Print This Page >
Allen, Turley win county
Perry and Fuller fall short as voters pick one Democrat, one Republican.
By Kevin Huelsmann, Jackson Hole, Wyo.
Date: November 7, 2012
Separated by only a few hundred votes, Barbara Allen and Melissa Turley were able to fend off their two challengers in a tight race for Teton County Commission.
The two women edged out incumbent commissioner Paul Perry, a move that surprised some political watchers who waited for results at the county administration building.
Allen, a Republican, won the most votes. She pulled in 5,036, which translates to roughly 22 percent of all votes cast.
“I’m very excited,” she said. “That was a strong field of candidates. The vote was really close.”
Turley followed closely behind Allen, receiving 21.8 percent of all votes cast. Perry lost by 311 votes, or approximately 1.4 percent of the vote.
Fuller received the fewest votes in the field. She garnered 4,402, which represents roughly 19.3 percent of those cast.
Allen said of the tight race, “I think it just proves there were four people with a lot of experience and a lot of things to add to the board.”
She entered the final stretch of the campaign having raised the most money of any of the county candidates. Allen raised roughly $8,700 after the primary, even garnering a contribution from former Democratic representative Pete Jorgensen.
Allen hit the campaign trail hard, spending time sending out mailers, hosting events and knocking on doors throughout the county.
She said she planned to take a vacation with her husband starting today.
Even with new members the partisan makeup of the commission will remain the same: three Democrats and two Republicans. The election adds two women to a board that was previously all male.
For Allen, her election to the board means she’ll have a voice in upcoming changes to the county’s land-use regulations. Allen is a six-year town planning commissioner who said many times during her campaign that the new land-use plan for the county has to have some direct link between decreased development in rural parts of the county and denser development in existing neighborhoods.
“I threw my name in the hat because I wanted to be part of the [land-development regulation] rewrite,” she said. “I’m looking forward to those votes.”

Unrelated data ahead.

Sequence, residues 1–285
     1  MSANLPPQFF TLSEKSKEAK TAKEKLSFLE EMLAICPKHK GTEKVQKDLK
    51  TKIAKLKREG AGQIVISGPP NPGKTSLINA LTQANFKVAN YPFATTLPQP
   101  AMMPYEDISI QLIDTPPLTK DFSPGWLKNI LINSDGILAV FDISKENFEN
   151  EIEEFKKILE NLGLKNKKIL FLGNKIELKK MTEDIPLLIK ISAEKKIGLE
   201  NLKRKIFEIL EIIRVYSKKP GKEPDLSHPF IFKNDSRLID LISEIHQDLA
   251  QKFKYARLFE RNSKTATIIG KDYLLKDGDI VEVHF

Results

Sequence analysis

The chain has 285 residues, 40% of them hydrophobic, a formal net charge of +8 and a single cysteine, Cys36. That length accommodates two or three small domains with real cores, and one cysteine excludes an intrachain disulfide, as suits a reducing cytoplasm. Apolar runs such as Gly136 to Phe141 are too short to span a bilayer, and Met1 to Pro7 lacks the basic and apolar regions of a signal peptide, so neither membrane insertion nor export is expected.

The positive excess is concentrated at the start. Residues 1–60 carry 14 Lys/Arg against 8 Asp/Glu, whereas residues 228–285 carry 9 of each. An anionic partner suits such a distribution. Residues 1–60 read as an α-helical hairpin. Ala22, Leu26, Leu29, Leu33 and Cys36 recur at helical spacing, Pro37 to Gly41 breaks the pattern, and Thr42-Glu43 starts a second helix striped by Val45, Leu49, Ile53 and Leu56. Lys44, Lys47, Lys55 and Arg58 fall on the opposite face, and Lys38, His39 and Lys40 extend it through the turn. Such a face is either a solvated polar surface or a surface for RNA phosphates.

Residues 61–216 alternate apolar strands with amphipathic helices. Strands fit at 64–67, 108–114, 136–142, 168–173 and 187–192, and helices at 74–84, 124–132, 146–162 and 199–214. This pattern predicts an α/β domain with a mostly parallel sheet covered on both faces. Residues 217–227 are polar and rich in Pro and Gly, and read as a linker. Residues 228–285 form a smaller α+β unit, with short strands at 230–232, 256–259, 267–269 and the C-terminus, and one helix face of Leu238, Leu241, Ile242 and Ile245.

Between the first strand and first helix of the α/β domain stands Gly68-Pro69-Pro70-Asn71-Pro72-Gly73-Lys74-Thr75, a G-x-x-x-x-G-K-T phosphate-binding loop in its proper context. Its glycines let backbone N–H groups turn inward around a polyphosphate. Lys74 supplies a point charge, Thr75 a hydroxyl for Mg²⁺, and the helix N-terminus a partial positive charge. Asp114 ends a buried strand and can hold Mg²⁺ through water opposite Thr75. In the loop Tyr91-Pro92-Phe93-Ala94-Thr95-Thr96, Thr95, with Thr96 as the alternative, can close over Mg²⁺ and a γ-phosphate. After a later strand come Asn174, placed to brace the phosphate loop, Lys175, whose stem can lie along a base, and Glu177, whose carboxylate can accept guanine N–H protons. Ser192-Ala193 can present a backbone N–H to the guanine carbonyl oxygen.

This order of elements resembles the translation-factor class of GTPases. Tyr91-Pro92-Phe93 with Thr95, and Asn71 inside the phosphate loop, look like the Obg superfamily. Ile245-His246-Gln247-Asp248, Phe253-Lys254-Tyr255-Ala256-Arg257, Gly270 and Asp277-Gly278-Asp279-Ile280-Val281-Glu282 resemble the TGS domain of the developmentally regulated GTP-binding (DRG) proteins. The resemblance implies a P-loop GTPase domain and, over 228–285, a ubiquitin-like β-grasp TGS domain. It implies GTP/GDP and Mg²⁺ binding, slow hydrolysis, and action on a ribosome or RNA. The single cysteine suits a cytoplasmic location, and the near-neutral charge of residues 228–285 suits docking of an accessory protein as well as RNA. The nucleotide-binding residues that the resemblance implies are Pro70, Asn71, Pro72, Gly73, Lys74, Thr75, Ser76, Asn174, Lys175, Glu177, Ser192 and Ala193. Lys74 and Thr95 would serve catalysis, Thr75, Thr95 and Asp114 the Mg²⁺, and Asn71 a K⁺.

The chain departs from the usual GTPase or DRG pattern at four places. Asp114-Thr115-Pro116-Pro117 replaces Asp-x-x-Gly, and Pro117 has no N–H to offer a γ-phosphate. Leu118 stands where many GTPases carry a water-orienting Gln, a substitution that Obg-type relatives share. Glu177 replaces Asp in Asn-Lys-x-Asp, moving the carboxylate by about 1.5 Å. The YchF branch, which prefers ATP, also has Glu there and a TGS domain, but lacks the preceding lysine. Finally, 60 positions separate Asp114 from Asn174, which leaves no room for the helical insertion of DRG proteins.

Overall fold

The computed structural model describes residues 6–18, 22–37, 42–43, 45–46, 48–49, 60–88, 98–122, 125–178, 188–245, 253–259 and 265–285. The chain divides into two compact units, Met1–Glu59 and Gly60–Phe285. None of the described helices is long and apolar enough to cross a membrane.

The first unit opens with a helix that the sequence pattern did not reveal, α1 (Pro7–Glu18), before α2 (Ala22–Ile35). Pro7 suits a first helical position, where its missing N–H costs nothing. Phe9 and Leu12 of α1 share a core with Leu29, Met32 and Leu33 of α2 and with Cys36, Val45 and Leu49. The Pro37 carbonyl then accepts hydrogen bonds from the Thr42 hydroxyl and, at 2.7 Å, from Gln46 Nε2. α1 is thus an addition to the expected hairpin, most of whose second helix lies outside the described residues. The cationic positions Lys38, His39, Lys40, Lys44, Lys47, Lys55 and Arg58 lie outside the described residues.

Turley didn’t return messages seeking comment by press time on Tuesday. Her departure from the Town Council will leave one more vacancy on that board, as she still has two years remaining in her term.
During the campaign, Turley touted her roles as a nonprofit consultant, mother, and owner of a Jackson Hole Community Housing Trust homeowner. She said she supports affordable housing, public transportation and land development regulations that balance higher-density development with open space and wildlife protections.
She’s served on the council since 2006.
Throughout the election, Turley received a significant amount of support from county Democrats. Turley’s list of contributors includes many of the leaders of the county’s Democratic Party, including Hank Phibbs and Andy Schwartz, who serve as county commissioners.
She also received donations from Marcia Kunstel, Joe Albright and Story Clark Resor, as well as from County Treasurer Donna Baur.
The success of Turley and Allen means Perry won’t get a chance to serve out a full term on the commission. He was appointed to replace Leland Christensen in 2010, when Christensen won a spot in the state Senate.
Though he said he likely will run for office again, Perry said he was disappointed by the results on Tuesday.
“I knew it was going to be a hard campaign,” Perry said before leaving the county administration building. “And they were all out there campaigning hard.”
Fuller also hinted at future campaigns.
She still has two more years to decide whether she wants to make another run at county commission, she said. Fuller said she was excited that her follow Democrat won a spot on the commission but said she was “definitely disappointed.”
“I always have another chance,” she said after the results were tallied in the county commissioners’ chambers.
Though she said she’s still mulling another run at elected office, it doesn’t appear that she’s ready to change any of her stances.
“It’s all about ideas, and I guess my ideas just aren’t popular in Teton County ... yet,” she said.